KU faculty members file for union election

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Post updated at 2:35 p.m. Thursday, Sept. 21:

A majority of KU faculty have signed cards to file for a union, the United Academics of the University of Kansas announced Wednesday, moving the group closer to a union election.

The Public Employee Relations Board in Topeka will now review the filing and begin to define a bargaining unit and discuss a timeline for an election. PERB is the governing body for public sector labor unions in the state of Kansas.

“If Chancellor (Douglas) Girod and his team are willing, we will define our bargaining unit and a swift timeline for the election in a mutually agreed upon way,” UAKU said on their social media. “That process, however, will be significantly delayed if the administration raises objections.”

The union would represent full-time and part-time tenured and nontenured faculty — as well as teaching, research, clinical and online professors, lecturers, curators, librarians, scientists who conduct grant-funded research and other categories of faculty and academic staff, according to a previous news release.

The union, which would be the fourth university faculty union in the state of Kansas, would be affiliated with the American Federation of Teachers and the American Association of University Professors.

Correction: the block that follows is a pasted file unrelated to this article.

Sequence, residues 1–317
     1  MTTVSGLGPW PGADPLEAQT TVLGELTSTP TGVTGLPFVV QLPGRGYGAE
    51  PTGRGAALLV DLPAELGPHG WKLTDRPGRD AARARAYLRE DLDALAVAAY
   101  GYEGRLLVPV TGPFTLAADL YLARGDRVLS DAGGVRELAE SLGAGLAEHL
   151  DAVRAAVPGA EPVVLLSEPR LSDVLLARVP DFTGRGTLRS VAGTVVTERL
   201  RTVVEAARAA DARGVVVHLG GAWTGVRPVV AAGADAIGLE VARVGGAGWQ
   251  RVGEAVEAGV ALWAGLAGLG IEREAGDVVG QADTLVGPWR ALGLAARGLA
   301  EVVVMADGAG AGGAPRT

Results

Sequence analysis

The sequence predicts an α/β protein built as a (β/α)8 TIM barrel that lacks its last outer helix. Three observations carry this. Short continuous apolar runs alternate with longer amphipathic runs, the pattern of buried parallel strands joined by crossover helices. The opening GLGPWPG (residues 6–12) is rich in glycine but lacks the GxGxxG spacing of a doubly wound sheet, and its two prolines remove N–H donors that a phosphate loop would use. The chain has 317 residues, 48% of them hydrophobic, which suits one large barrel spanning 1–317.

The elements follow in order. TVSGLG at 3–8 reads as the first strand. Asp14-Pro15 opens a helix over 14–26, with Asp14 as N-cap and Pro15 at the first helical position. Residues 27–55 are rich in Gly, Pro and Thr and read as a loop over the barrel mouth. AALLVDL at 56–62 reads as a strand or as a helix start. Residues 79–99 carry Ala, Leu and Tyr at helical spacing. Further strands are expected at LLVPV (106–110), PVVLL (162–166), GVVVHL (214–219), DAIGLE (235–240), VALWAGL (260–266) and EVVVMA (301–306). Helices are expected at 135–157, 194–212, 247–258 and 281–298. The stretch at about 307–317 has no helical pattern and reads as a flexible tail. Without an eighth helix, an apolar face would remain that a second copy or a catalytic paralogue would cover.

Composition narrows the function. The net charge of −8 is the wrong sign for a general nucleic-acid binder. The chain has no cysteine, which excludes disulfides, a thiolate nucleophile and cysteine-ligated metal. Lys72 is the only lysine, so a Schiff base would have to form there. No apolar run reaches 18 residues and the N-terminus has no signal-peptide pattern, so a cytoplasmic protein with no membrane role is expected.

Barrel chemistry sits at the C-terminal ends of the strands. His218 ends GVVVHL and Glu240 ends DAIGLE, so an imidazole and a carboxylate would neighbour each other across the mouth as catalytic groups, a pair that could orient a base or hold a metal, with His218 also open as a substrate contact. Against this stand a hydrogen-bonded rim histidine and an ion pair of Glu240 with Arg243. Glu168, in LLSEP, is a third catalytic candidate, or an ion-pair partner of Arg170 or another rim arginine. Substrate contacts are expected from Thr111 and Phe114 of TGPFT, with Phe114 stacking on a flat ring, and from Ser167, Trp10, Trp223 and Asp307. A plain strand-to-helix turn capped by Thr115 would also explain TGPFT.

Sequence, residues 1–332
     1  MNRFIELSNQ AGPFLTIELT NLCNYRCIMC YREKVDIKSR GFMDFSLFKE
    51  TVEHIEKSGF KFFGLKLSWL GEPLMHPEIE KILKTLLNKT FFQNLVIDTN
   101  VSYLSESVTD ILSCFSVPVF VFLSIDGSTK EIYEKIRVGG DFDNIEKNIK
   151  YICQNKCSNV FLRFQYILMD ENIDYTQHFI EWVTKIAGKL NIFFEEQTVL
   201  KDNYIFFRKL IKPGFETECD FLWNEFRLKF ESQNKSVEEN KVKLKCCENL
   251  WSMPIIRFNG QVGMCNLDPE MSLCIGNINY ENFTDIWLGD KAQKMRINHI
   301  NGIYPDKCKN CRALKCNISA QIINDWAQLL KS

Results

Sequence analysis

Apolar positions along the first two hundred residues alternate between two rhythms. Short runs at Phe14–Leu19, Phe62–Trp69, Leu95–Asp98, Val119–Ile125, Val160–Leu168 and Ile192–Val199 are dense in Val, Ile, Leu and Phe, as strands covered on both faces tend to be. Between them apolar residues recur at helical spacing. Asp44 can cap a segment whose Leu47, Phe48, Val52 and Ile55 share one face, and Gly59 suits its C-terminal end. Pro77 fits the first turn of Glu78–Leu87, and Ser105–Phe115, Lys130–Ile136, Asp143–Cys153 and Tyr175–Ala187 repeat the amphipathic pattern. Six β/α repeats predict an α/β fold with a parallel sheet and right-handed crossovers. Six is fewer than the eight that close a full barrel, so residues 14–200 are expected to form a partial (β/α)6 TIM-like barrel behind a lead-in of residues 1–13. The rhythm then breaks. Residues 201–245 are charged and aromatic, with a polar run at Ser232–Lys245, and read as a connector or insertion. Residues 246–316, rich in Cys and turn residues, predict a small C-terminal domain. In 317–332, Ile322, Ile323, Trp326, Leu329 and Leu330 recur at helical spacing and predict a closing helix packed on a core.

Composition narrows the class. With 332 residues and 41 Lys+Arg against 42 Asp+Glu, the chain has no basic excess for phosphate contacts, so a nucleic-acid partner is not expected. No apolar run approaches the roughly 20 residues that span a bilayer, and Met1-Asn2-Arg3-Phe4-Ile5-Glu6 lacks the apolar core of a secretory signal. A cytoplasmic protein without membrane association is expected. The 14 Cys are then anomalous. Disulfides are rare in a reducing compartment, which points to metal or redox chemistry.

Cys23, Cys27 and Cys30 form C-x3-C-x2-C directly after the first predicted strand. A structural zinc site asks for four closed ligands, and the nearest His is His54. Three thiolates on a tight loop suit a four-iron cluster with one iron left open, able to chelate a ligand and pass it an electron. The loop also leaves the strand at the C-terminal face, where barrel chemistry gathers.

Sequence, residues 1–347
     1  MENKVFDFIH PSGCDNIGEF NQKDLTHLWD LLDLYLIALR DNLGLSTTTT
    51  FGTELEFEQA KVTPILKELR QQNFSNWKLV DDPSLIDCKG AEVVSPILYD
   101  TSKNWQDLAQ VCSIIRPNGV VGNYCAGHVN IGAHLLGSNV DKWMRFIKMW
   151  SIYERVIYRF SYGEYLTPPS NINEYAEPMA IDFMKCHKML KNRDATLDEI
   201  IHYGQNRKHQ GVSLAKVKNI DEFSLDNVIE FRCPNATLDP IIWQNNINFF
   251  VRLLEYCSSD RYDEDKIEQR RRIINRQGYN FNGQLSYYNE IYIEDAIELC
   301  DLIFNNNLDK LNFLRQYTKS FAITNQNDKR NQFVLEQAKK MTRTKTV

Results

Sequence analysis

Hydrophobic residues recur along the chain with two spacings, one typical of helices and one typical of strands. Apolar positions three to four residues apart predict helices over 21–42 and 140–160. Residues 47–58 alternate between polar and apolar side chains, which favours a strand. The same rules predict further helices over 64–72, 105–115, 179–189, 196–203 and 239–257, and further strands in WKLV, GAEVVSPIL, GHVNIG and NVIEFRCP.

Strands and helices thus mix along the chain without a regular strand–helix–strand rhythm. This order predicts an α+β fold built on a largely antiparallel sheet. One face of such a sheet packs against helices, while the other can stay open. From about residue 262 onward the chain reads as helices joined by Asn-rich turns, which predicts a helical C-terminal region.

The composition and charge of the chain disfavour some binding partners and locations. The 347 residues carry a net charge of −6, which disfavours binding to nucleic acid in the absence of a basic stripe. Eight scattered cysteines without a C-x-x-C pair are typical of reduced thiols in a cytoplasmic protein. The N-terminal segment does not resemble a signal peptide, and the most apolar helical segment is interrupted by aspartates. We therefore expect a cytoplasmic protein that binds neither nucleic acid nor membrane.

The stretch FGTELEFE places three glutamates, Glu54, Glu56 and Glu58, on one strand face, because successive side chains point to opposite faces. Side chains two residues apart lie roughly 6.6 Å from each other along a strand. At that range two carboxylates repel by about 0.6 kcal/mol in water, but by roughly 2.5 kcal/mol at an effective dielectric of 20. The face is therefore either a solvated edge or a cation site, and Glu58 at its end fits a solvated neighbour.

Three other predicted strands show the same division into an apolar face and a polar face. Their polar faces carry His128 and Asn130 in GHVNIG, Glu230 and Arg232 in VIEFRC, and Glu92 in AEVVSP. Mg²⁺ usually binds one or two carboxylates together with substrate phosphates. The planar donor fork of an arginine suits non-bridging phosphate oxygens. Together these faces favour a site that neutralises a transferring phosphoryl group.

The group has been pushing for a faculty union for nearly a year. Currently, faculty are allowed to make recommendations on university rules and policy. UAKU says a union would allow them a more equitable voice in university governance. 

“University of Kansas leaders look forward to continued conversations with faculty, staff and students about ways to move the university forward,” Erinn Barcomb-Peterson, a spokesperson for KU, said via email Thursday.

Faculty unions are increasingly common at universities across the country. At KU, graduate teaching assistants have had a union, the Graduate Teaching Assistants Coalition, since 1993.

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Look closely at the gnarly bark of this cottonwood and near the top you will see a 17 year cicada from Brood XIX, which extends into the eastern two columns of counties in Kansas, even though most maps don’t show them going this far west.


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